Transportation trends are changing as gas prices in New Jersey and across the US soar, inflation worsens, and the impacts of the COVID-19 pandemic continue. The cost of living has risen significantly, disproportionately affecting poor, working class, and middle-class families.  People are reevaluating their daily activities and changing the way they move from point A to B. We must be prepared to adopt to those changes and make our roadway networks safer for them no matter how they travel.
Rising gas prices and shifts in transportation modes have been witnessed before in US history. A prime example is the 1973 oil crisis, when the Organization of Petroleum Exporting Countries (OPEC) banned exports to the US and several other countries. That year gas prices in this country averaged 44¢ a gallon ($2.90 in 2022 dollars). In response, President Nixon called for people to carpool and introduced legislation to lower speed limits on highways to 50 mph. The oil embargo continued into 1974 and gas prices rose to 56¢ a gallon ($3.32 in 2022 dollars). Prices rose again with the second oil crisis of the decade, which began in 1978 as a result of the Iranian Revolution, and pushed prices as high as 70¢ a gallon ($3.14 in 2022 dollars).
At the same time, the US experienced an increased demand for bicycles (especially for adults). The bike boom proved to be a way for environmentalists and physical-fitness fans to push their causes forward. The 1973 oil crisis added fuel to the boom as people turned to the bicycle as a solution to high gas prices. In reaction to this movement, 252 bike-oriented bills were introduced, politicians urged urban planners and road engineers to build infrastructure for bikes, and the Federal-Aid Highway Act provided $120 million for bikeways. Nevertheless, as quickly as the bike boom appeared, it disappeared.
What changes could we see?
Recommendations on how to avoid high gas prices today include biking or walking, using public transportation, buying fuel-efficient vehicles, maintaining existing vehicles to maximize fuel efficiency, and planning more efficient vehicle trips by carpooling or trip-chaining.
Reducing driving in order to conserve gas is the easiest way for people to avoid high gas prices. According to a survey conducted by AAA in March of this year, 59% of Americans would make changes to their driving habits or lifestyle if the cost of gas rose to $4, and 75% of people said they would need to change their lifestyle if the cost rose to $5. Among those who said they would make changes, 80% said they would drive less by carpooling, combing trips and errands, and reducing shopping or dining out.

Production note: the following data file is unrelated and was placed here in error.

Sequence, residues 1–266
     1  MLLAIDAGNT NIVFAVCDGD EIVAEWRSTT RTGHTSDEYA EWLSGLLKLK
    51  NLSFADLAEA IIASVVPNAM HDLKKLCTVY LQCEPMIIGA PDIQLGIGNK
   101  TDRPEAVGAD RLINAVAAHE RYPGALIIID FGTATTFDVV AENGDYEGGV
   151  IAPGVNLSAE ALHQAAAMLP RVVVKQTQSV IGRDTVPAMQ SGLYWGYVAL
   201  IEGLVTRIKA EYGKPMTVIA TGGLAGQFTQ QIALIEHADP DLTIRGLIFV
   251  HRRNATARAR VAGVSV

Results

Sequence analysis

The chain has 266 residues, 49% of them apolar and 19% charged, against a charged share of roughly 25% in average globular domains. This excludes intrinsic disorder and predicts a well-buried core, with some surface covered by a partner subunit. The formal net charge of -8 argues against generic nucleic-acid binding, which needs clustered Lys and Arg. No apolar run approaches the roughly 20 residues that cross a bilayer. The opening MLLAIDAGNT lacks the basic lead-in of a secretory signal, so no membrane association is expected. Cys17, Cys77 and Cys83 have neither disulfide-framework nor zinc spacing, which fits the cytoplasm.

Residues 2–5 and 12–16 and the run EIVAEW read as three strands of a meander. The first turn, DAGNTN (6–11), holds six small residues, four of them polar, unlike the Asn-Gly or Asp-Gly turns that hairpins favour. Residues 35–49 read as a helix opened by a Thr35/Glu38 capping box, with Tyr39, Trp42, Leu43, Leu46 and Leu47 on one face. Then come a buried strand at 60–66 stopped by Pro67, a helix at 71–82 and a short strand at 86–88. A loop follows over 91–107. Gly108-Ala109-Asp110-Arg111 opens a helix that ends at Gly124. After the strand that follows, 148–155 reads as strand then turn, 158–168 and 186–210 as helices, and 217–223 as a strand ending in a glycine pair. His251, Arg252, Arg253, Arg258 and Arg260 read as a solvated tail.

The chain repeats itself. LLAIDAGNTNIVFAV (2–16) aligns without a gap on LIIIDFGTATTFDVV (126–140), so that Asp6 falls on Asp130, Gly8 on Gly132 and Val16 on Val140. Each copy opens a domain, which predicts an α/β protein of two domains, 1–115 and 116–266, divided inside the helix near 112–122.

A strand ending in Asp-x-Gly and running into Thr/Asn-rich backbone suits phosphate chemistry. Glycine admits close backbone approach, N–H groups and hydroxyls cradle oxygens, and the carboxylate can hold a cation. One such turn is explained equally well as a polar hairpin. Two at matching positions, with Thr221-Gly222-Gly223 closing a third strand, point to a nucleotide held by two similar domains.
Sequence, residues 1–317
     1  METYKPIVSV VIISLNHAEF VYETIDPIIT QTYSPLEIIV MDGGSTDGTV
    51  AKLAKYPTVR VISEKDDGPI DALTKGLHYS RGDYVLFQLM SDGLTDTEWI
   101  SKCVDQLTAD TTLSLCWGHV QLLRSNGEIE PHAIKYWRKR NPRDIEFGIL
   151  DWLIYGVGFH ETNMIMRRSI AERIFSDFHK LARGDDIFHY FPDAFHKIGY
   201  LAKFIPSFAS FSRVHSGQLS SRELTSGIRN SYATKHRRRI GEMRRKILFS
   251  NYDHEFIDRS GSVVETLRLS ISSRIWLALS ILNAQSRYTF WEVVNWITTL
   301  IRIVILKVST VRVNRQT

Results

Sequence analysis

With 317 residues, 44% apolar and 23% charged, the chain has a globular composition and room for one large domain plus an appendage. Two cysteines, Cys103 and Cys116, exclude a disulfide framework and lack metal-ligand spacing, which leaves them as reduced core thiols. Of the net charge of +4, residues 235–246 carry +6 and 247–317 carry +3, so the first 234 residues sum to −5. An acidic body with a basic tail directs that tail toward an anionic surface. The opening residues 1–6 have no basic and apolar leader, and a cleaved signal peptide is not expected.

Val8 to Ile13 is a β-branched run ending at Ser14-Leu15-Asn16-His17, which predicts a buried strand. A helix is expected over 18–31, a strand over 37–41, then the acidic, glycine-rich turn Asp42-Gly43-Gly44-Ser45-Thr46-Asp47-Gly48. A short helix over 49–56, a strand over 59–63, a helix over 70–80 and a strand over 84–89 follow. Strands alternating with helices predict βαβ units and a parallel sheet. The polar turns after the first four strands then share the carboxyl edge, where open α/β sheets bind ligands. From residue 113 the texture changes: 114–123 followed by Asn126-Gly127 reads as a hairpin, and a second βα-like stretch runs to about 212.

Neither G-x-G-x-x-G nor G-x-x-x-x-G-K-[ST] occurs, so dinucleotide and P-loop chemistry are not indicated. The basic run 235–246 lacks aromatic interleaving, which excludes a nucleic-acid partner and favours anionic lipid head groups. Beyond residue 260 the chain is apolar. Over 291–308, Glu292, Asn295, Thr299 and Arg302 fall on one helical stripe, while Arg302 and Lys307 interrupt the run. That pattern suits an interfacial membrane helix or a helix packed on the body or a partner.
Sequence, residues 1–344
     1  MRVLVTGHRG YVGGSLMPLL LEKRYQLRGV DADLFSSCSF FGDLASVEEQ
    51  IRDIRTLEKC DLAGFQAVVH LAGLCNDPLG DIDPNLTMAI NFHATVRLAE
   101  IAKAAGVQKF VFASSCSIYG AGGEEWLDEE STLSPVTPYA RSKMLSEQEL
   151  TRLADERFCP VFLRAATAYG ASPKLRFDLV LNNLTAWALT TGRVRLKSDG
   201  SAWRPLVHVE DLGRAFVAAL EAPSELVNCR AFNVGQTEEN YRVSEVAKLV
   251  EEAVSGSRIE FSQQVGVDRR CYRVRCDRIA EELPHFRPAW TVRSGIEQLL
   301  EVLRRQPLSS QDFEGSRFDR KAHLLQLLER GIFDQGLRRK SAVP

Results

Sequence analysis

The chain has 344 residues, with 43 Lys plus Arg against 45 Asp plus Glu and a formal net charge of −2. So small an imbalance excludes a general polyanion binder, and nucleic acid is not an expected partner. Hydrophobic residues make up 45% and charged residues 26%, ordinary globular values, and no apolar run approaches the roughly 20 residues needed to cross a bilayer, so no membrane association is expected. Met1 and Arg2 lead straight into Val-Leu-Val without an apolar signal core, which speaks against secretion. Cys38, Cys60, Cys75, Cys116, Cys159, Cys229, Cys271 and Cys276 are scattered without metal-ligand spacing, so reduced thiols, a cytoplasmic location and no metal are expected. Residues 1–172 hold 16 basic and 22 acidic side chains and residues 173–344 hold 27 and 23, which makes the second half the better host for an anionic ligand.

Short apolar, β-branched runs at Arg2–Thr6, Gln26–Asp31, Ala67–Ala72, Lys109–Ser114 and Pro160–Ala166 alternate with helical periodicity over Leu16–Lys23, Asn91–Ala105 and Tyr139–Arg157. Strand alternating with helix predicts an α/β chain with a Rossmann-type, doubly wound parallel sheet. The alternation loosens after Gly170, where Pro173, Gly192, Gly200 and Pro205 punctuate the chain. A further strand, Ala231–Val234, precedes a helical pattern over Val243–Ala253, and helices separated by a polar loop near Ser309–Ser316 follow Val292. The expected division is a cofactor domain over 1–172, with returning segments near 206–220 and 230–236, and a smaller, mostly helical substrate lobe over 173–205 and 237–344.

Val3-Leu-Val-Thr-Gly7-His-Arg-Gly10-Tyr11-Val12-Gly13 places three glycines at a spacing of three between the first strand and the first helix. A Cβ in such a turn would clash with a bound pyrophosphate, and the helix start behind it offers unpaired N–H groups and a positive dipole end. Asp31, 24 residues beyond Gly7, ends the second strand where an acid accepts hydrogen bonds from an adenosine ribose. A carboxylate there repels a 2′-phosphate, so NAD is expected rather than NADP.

Alternative modes of transportation are also a popular way for people to avoid high fuel prices. An example of this is the current boom in sales of e-bikes and e-cargo bikes, which run on pedal power and rechargeable batteries. The demand for e-bikes began at the beginning of the COVID-19 pandemic as people looked for new ways to travel safely and it has continued as people seek more affordable modes of transportation. E-bikes and e-cargo bikes are also an attractive solution because they bridge a gap between biking and driving in the US. They maintain a faster pace over a long distance, can overcome challenging terrain, and can accommodate small children and heavy loads. They also contribute to healthier lifestyles, reduce the amount of greenhouse gas emissions, and support global efforts to pressure Russia to end the war against Ukraine.
Adjusting For Change
Considering high gas prices, high rates of inflation, and other financial burdens from the COVID-19 pandemic, adjustments must be made to our transportation infrastructure to ensure that alternative and more affordable modes of transportation are safe on our roadway networks. The possibility of fewer cars on the road could mean more dangerous driving. During the first year of the pandemic, for example, there was a historic 24% surge in traffic fatalities in the US. At the same time, the possibility of more e-bikes and e-cargo bikes means more vulnerable road users on the road. Unfortunately, these vulnerable users don’t always feel respected on the road. In a poll conducted by PeopleforBikes in 2018, 70% of people from eight US cities said that roads were not safe enough for families to bike and 63% of those said they would ride if they felt safer. It is important, therefore, to make roads as safe as possible.
Fortunately, all of us can contribute efforts to make New Jersey’s roads safer. As drivers, we can obey posted speed limits and be vigilant for people walking, biking, rising scooters, or using wheelchairs. We can also follow New Jersey’s new Safe Passing Law and give vulnerable users space when passing them on the roadway. Following this law and educating others about it with the toolkit on the New Jersey Bike and Walk Coalition website can reduce fatalities and serious injuries on the road. When cycling, we can be aware of the laws that govern bicycle travel in New Jerseys such as 39:4-11, which requires bikes to have an audible device heard at least 100 feet away, and 39:4-10, which requires bikes to be equipped with lights at night.
Additionally, there are many resources, tools, and opportunities available to ensure safer roadway networks. Bicycling organizations such as The League of American Bicyclists offer ways to learn and strengthen bicycling skills through classes and smart cycling videos. There are also plenty of funding and grant opportunities such as the Safe Streets and Roads for All (SS4A) Grant Program FY22, NJDOT 2023 State Aid Program Solicitations, and other grants offered through the NJ Local Aid Resource Center. New Jersey’s Safe Routes Resource Center also provides resources to assist with applications for grants and funding to establish safe routes for children walking and biking to and from school.
By Sophia Pereira